ART AND LEGACY:
MANAGING ARTISTS' ESTATES
17.00 (GMT) / 13.00 (EDT)
TUESDAY 21 MARCH 2023
On the occasion of the new exhibition In Her Own Voice: The Art of Lucy Kemp-Welch (April, 1st - October, 1st 2023) at the museum and art gallery, Russell-Cotes house in Bournemouth, London Art Week will present an online conversation with David Messum (Chairman, Messum's Fine Art) and Dr David Boyd Haycock (Writer, Curator and Historian), chaired by Patrick Duffy (Archivist, Messum's Fine Art).
Lucy Kemp-Welch was once the most celebrated equine artist in Britain, finding fame amongst the Victorian art world elite at the Royal Academy as well as by the masses through her illustrations for Anna Sewell's classic novel, Black Beauty, which has been enjoyed by millions. Sadly, by the 1970s when David Messum took on representation of the estate, her work, name and contribution to the arts had almost been forgotten, overshadowed by the radical evolution of art in post war Britain. Looking past the often complex financial and business elements of running an estate, we will discuss how and why commercial galleries take on the substantial task of nurturing and maintaining an Artist's legacy. David Messum and Patrick Duffy will be joined by David Boyd Haycock to discuss the history of the Estate of Lucy Kemp Welch, her return to prominence, and her future role in reshaping the history of women artists.
This exhibition is the first significant retrospective highlighting her work, in particular as a painter of horses, since her death. This exhibition was made possible with a grant from the Weston Loan Programme with Art Fund, and will feature works from national and regional museums, including the Imperial War Museum, Bushey Museum and Southampton City Art Gallery.
The exhibition will coincide with the launch of David Boyd Haycock's new biography of the artist, due to be published in 2023.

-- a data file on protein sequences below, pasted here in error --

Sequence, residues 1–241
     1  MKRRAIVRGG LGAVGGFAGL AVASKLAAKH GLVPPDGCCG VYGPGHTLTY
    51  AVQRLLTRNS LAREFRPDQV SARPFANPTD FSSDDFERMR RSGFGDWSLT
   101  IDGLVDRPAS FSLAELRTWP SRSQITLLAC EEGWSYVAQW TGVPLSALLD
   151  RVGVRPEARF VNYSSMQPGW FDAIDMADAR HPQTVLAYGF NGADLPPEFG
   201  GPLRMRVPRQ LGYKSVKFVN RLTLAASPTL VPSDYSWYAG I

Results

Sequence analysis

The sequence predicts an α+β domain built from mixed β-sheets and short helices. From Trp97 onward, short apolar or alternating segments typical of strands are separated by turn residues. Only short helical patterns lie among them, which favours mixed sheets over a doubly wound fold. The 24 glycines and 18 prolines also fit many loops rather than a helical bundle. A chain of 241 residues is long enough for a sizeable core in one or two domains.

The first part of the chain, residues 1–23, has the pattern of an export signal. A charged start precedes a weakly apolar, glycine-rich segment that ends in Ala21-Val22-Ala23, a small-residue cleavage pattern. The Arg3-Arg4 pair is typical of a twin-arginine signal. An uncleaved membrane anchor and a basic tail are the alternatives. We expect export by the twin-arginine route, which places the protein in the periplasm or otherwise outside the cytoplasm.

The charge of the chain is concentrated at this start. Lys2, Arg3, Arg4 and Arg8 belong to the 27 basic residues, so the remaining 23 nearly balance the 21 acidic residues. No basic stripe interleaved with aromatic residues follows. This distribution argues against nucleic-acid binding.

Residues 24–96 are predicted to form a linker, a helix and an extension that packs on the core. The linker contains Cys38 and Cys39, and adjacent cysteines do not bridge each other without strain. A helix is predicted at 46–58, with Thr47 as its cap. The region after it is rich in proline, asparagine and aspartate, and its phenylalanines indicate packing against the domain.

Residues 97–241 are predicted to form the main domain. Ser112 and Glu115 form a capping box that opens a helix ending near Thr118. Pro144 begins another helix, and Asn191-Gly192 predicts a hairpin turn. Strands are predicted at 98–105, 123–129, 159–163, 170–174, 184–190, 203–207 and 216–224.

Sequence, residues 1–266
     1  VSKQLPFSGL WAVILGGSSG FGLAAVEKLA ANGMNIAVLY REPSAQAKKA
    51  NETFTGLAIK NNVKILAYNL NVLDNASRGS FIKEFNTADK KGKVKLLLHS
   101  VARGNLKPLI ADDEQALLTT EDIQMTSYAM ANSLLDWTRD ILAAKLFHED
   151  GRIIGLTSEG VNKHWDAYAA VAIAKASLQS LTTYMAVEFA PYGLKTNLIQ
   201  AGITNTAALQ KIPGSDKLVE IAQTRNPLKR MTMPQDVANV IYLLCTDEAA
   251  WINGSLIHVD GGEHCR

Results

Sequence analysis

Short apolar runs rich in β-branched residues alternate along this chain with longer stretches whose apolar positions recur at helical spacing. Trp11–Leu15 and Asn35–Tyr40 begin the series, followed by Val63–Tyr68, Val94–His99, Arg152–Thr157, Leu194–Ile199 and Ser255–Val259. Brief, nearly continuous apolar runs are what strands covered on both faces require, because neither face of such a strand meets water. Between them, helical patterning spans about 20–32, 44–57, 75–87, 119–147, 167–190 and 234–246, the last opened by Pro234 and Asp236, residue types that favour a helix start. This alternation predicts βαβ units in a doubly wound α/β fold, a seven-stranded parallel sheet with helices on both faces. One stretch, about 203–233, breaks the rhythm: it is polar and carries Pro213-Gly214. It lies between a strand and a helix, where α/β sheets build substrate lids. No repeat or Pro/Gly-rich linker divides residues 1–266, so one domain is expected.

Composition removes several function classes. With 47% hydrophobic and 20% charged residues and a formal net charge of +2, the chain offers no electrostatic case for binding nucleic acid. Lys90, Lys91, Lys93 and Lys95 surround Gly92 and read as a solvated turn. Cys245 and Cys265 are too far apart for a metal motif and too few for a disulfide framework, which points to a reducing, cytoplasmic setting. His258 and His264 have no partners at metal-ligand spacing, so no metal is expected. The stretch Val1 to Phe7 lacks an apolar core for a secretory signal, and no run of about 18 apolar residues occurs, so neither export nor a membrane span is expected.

If you missed this talk, click to watch it now!
Celebrating his sixtieth year in business, David Messum started his own art dealership in 1963 with a shop in Bourne End, Buckinghamshire. His name is now synonymous with the art dealership of West London. Today, David continues to exhibit works of art by 18th, 19th and 20th Century British artists, on whose names the reputation of the company was founded, together with a regularly changing exhibition program focusing on the Contemporary Artists and Artist Estates managed by the company.
David Boyd Haycock is an established freelance writer, curator and lecturer, specialising in early twentieth-century British art and culture. He is best known for his 2009 book, A Crisis of Brilliance: Five Young British Artists and the Great War, and the subsequent exhibition he curated at Dulwich Picture Gallery. His latest books include a new biography on Lucy Kemp-Welch written for David Messum's Studio Publications, the release of which will coincide with the major exhibition, In Her Own Voice: The Art of Lucy Kemp-Welch, curated by David and held at the Russell-Cotes Museum in Bournemouth.
Patrick Duffy was the Associate Director of The Fine Art Society before joining Messum's. For nearly a decade he has established relationships with a community of specialists and dealers working in Mayfair and St James's. As the archivist at David Messum's Fine Art, he continues his research and writing on late nineteenth and early twentieth century British art and artists, and is dedicated to producing academic and curated exhibitions.
About Lucy Kemp-Welch (1869-1958)
The outstanding horse painter of her generation, Lucy Kemp-Welch began her training in 1891 at Herkomer's famous painting schools at Bushey in Hertfordshire, were Herkomer, with his quite revolutionary style of individual art training, encouraged her natural talent for painting animals. Kemp-Welch quickly developed a reputation for painting horses culminating in the honour of having her painting Colt Hunting in the New Forest aquired by the Chantrey Bequest for permanent display at the Tate Gallery in 1897. It was the first work acquired by the Chantrey Bequest from a woman.
Lucy's fascination with animals was not limited to the portrayal of horses. Through her special affection for the working horse she became familiar with other agricultural animals and the labourers and farmers who tended them. Over the span of her long career Kemp Welch created many elegant depictions of agricultural animals often rendered in watercolour or pastel. She is perhaps best known for her illustrations of the 1915 edition of Anna Sewell's classic tale, 'Black Beauty'.
The Studio Estate of Lucy Kemp-Welch has been represented by Messum's since 1972, since when there have been a number of successful exhibitions and publications leading to her artistic reappraisal.
The exhibition has been made possible as a result of the Government Indemnity Scheme. The Russell-Cotes Art Gallery and Museum would like to thank HM Government for providing Government Indemnity and the Department for Digital, Culture, Media and Sport and Arts Council England for arranging the indemnity.
Follow Messum's London